St. Aidan's Episcopal Church, Alexandria, VA

St. Aidan's Episcopal Church, Alexandria, VA

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Beautiful fresh trees at St Aidan's. No sorting through required. They were all gorgeous!
Wonderful message from Bishop Susan - very consoling and encouraging.
Did anyone else just hear former St. Aidan's seminarian Lauren Stanley on NPR (All Things Considered)? If I understood correctly, she's serving as a mission priest on a reservation in South Dakota. They interviewed her because she's driving people to the polls--which comes as no surprise.

And this on the same day Bishop Michael Curry was interviewed by Joshua Johnson on the 1A!
Starting at 3pm this Saturday, 10/6, you will be able to smell sizzling bratwurst, watch excited kids at Kinderfest games, hear the German band's oompah, sample delicious Virginia beers and bake sale treats, and browse tempting silent auction donations. Please join us for St. Aidan's biggest party of the year, Oktoberfest! The fest runs from 3-7pm, with Kinderfest 3-5pm (games, cake walk, face painting, and more.) For more info call (703) 360-4220 or visit http://www.staidansepiscopal.com. Rain or shine.
St. Aidan’s Ministry Fair is happening now!
Getting ready for Oktoberfest. This Saturday from 3-7pm. German food, music, silent auction, bake sale, and lots of fun things for kids!!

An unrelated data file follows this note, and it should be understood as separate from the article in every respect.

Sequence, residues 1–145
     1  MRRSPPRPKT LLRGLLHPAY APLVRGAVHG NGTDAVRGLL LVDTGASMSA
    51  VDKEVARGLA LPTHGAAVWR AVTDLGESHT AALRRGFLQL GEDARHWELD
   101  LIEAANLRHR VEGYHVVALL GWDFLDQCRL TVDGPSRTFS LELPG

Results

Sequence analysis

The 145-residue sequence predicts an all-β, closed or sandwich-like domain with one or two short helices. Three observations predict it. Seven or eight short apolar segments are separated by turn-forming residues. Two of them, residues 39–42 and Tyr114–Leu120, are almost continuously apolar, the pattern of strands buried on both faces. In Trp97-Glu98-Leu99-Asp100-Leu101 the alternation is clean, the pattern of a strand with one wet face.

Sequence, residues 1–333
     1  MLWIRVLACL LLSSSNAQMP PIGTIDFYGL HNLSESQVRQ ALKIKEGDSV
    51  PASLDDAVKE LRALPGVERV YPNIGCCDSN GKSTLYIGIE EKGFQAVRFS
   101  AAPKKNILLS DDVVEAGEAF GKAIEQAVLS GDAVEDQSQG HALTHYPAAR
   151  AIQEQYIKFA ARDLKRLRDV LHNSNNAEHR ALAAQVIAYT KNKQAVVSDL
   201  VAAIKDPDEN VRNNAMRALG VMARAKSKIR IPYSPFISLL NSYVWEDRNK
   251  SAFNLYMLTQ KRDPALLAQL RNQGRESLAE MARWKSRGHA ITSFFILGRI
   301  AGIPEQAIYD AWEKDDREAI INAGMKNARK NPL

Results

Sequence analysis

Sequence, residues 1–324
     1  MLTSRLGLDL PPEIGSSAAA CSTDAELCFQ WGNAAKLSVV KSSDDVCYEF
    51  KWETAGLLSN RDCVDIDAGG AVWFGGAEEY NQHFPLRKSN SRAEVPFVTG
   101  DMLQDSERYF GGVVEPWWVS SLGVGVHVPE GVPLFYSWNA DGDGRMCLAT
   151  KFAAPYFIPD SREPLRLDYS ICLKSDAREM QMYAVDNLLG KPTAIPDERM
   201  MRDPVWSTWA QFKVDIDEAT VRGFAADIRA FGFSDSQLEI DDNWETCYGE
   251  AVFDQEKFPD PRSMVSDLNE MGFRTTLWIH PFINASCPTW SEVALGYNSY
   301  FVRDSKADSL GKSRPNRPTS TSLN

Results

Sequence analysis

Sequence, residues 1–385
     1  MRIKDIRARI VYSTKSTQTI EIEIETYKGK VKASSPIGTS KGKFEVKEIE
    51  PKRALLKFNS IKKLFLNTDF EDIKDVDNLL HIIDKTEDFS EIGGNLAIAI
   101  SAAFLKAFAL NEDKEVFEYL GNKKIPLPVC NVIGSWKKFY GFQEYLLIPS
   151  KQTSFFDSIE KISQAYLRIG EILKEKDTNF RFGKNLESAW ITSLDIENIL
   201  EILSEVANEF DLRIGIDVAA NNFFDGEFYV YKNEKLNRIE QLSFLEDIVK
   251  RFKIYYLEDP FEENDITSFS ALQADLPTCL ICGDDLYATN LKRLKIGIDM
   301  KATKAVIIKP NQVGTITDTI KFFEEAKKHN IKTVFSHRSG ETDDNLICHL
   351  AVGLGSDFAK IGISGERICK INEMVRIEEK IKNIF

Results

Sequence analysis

Welcome to St. Aidan's Episcopal Church, a warm and welcoming place no matter where you are on your faith journey.

08/03/2021

Sacred Ground Series Beginning in September

We invite you to join in Sacred Ground, a curriculum that calls us to read, watch and learn about the history of race and racism in America. In six sessions two weeks apart this fall, we will explore together an online curriculum that focuses on Indigenous, Black, Latino and Asian/Pacific Americans as their histories intersect with European American history, and the impact of it all on our world today.

At home, we will watch documentaries and read articles to help inform us. We will then gather in person for conversations that help us peel away the layers that have contributed to the challenges and divides of the present day—all while grounded in our call to faith, hope and love.

The Episcopal Church and Katrina Browne (the director of the documentary Traces of the Trade ) have developed this amazing series, which has been especially designed to help white people talk with other white people about the history of race in America. The series is part of The Episcopal Church’s Becoming Beloved Community which is its long-term commitment to racial healing, reconciliation and justice.

BEGINNING SUNDAY, SEPTEMBER 12
At St. Aidan’s Sanctuary
1 p.m. – 3 p.m.
Sept. 12, 26
October 10, 24
November 7, 21

Please use this link to register: https://www.signupgenius.com/go/10c0e48adae28a7ff2-sacred

Sponsored by the Social Justice Committee and the Center for Spiritual Deepening

Sacred Ground Series Beginning in September

We invite you to join in Sacred Ground, a curriculum that calls us to read, watch and learn about the history of race and racism in America. In six sessions two weeks apart this fall, we will explore together an online curriculum that focuses on Indigenous, Black, Latino and Asian/Pacific Americans as their histories intersect with European American history, and the impact of it all on our world today.